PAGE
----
Later he quotes from a paragraph in which John Piper argues for election by referencing fifteen different texts in the Gospel of John. Fischer’s response does not deal with any of them. He admits that Piper’s Reformed reading “is a fair case to be made.” But then adds, “if you’re looking for Calvinism in the Gospels, you’ll leave parched. You’ll hone in on a couple of teachings in John and then project them elsewhere” (48). That could be, but fifteen texts is not “a couple,” and even it were only a couple, you should go to the trouble of showing why “all that the Father gives me will come to me” (John 6:37) and “no one can come to me unless the Father who sent me draws him” (John 6:44) do not mean what Calvinists think they mean. No attempt is made to interact with the texts Piper cites.

Similarly, Fischer dismisses the Reformed understanding of Ephesians 1:11 without any exegetical work except to admit that the Calvinist reading is “possible,” but he “no longer find[s] it the best possible reading” (68). To wipe away texts with personal assertions that they don’t work is hardly a compelling argument.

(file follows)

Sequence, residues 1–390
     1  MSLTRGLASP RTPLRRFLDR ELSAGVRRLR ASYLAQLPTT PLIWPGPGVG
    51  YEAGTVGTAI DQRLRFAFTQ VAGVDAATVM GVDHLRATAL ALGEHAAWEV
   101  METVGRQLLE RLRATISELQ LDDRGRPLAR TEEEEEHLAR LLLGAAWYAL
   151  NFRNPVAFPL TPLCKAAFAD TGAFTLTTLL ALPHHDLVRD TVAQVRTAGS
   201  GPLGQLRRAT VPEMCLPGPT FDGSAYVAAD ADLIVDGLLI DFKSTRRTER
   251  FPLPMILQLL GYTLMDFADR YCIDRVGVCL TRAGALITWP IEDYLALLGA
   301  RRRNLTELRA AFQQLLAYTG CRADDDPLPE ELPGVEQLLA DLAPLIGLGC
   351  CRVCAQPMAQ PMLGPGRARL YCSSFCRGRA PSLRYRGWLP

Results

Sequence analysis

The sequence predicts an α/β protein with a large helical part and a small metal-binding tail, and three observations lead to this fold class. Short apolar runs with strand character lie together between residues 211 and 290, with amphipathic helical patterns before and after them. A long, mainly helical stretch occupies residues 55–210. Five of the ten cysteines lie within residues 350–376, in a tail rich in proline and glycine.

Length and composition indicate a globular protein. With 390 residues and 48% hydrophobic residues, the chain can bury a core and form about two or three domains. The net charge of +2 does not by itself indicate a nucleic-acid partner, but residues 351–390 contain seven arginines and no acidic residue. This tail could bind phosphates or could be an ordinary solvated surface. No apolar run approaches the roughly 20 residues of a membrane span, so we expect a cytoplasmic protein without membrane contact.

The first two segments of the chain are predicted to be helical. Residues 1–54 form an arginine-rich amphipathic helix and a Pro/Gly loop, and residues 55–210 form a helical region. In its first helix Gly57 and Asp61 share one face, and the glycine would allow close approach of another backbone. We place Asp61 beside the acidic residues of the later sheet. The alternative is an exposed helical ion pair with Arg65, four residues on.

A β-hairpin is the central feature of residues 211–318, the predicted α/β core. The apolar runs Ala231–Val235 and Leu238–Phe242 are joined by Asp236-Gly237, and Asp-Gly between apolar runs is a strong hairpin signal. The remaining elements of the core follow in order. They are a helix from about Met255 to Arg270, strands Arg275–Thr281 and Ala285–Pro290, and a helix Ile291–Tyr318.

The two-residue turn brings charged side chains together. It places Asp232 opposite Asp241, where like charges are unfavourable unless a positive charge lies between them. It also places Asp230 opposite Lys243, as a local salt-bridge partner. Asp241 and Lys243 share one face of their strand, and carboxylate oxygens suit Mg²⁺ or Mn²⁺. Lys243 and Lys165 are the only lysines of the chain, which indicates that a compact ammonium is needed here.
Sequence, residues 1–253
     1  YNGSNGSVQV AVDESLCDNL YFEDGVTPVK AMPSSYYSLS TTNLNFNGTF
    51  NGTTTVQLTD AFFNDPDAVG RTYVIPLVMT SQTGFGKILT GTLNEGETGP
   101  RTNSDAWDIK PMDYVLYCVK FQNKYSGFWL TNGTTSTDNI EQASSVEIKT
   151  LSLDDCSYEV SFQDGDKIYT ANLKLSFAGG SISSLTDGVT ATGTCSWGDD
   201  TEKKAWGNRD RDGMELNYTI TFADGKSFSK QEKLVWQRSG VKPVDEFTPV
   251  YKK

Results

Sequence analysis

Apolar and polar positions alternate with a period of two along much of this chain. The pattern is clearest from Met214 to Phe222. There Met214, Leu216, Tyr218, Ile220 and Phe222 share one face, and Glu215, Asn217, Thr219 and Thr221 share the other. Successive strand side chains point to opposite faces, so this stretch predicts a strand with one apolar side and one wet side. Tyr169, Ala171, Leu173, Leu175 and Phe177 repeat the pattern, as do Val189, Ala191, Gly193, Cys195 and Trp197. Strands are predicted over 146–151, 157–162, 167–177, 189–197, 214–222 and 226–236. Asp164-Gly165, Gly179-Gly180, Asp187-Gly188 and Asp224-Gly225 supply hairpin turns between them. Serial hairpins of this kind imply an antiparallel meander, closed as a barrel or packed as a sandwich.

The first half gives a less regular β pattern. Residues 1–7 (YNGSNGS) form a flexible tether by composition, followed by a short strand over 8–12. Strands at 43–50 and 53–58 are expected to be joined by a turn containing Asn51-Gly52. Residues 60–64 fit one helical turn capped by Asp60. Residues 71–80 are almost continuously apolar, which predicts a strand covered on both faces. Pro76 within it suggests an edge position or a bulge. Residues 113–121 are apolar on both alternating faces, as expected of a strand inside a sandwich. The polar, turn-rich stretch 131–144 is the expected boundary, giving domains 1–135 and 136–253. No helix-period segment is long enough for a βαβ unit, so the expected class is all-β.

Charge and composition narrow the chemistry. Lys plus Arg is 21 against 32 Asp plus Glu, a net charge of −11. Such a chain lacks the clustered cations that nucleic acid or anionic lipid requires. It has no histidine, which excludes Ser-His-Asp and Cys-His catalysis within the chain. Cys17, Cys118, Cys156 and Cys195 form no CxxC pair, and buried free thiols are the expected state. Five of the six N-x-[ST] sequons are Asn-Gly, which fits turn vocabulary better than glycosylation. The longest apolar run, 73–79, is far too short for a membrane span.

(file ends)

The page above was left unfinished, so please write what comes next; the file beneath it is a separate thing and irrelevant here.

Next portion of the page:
Fischer’s tendency to hover about the text makes for a series of definitive statements that are much less than meets the eye. He constantly reminds us that at the center of the universe is not some glory-seeking God, but the mangled lamb of Revelation 5, as if Revelation 4 and the vision of him who sits on the throne receiving unceasing worship has nothing to do with God’s purpose in glorifying God. Fischer makes much of the fact that in Jesus we see a desire to love at all costs, not a desire to glorify himself at all costs (58), as if the high priestly prayer in John 17 was not chiefly concerned with the glory of the Father and the Son. Fischer uses the story of Jacob wrestling with God as evidence that good theology always has doubts and uncertainty because when you come face to face with God you walk with a limp (85ff.), as if the text even mentions Jacob limping or other heroes of the faith limping or has anything to do with theological method at all. Moses seems more interested in drawing implications about not eating the sinew of the thigh than in extolling the virtues of chastened epistemology.